This serves two purposes: first, students get a feel for what it's like to interview someone, which will help their real interview go more smoothly. Second, students test out their equipment and make sure everything works. For this reason, students should record their mini-interview on the device they plan to use, and back it up on a computer, just as they will with the real interview.

Step 8: Conduct the interview

Students should make a back-up copy of their interview as soon as possible.

Step 9: "Map" your interview

Conventionally, oral historians transcribe their interviews in their entirety. For a professional, an hour of interview takes seven hours to transcribe. We didn't have time for this, so I had students "map" their interviews instead, making an outline of topics covered. Students then used these maps to decide which sections to use for their "annotated interviews".

0 0
0 0
Step 10: Cut down your map to an "edited outline"

Now that students can see their interview on the "map", they can decide what to keep and what to cut in order to create a tight, coherent narrative. They will use this outline as a guide for editing their interview recording.

0 0
Step 11: Edit your interview recording based on your "edited outline"

At this point, students edit their "raw" recording into a coherent narrative. If they were careful about listing all the timings in their interview map, this should be fairly straightforward. My students did this step in GarageBand, but there are lots of audio editing programs you can use. IF YOU JUST WANT TO MAKE AUDIO INTERVIEWS, YOU CAN FINISH THE PROJECT HERE AND SKIP STRAIGHT TO EXHIBITION.

Step 12: "Story" critique

At this point, students listen to each other's edited recordings, and critique the "story" told in each recording. The purpose of this is to make sure the overall structure of the edited recording is as clear and interesting as possible. It's important to do this NOW, because once students are making videos, it will be very difficult to rearrange the original audio track.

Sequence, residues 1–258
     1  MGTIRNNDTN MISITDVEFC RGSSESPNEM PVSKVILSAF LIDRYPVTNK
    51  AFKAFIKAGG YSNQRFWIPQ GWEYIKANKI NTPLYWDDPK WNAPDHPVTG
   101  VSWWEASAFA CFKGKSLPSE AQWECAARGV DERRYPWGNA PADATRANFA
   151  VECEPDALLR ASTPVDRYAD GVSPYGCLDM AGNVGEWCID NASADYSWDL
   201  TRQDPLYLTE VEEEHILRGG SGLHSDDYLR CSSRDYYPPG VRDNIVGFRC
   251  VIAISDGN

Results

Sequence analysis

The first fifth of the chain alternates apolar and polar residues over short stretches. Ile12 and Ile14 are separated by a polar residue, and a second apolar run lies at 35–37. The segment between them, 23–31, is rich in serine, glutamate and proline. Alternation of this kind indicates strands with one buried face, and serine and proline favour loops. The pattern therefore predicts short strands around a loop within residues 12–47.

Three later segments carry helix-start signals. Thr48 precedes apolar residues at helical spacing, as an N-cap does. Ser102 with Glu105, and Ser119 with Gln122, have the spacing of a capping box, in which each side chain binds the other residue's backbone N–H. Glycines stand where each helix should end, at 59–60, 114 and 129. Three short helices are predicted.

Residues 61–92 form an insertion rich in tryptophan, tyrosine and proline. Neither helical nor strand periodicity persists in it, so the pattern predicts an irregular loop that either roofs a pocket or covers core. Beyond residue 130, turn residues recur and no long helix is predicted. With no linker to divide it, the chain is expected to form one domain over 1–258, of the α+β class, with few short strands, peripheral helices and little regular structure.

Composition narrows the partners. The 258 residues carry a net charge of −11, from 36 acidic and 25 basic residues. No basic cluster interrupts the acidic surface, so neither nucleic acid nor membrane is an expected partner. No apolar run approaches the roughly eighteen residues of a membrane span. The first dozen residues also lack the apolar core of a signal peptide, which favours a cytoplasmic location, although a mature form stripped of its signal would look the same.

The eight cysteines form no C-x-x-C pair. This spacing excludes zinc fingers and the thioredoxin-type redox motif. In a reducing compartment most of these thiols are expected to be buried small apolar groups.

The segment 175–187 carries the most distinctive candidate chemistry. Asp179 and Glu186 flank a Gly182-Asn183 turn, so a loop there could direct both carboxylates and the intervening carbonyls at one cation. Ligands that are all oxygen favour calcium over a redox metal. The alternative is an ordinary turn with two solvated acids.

0 0
0 0
Step 13: creating the "annotated interview" video

Students will need a lot of class time to do this. In order to help them set goals and reflect on their productivity every day (see "in class work reflection" below). This is the most logistically complex part of the project, since it requires a computer for every student, and students are working with very big files that are difficult to store in "the cloud". My students made their videos using iMovie, but there are lots of video editing programs you can use. Just make sure you make your prototype using the same program that the students will use, so you get familiar with the program's quirks.

0 0
Step 14: Work in Progress Film Festival

At the start of "work-time" class periods, I show students' works-in-progress to the group (I only show videos if the student has volunteered to have their work shown). Depending on the day, this can be more or less formal. It's best not to critique at the "story" level at this point (because it will be difficult for students to cut and rearrange audio), but there will be plenty to say about use of text and images - hence the "words and pictures" critique structure below.

0 0
Step 15: Turning in the final "annotated interview" video

This was the most frustrating part of the project, because video files are large and therefore difficult to move from computer to computer. I bought four flash drives, labelled each one, and told students to keep track of which flash drive they uploaded their video onto, then transferred the videos from the flash drives to my laptop. Figure out a method that works for you.

0 0
0 0
Step 16: Exhibition

This is it - the big moment when we show our work to the world! We exhibited the annotated interviews on our school's "exhibition night" at the end of the first semester. Our team turned two classrooms into a medically-themed art gallery, featuring paintings, a pig dissection, and a table with monitors and headphones where visitors could watch the annotated interviews. I've included the spreadsheet that our student "project managers" created, a presentation that shows what we did on the day before exhibition, a "virtual tour" of the exhibition, and a blog post from a student explaining the technical process of setting up the monitors for exhibition.

0 0
0 0
0 0
0 0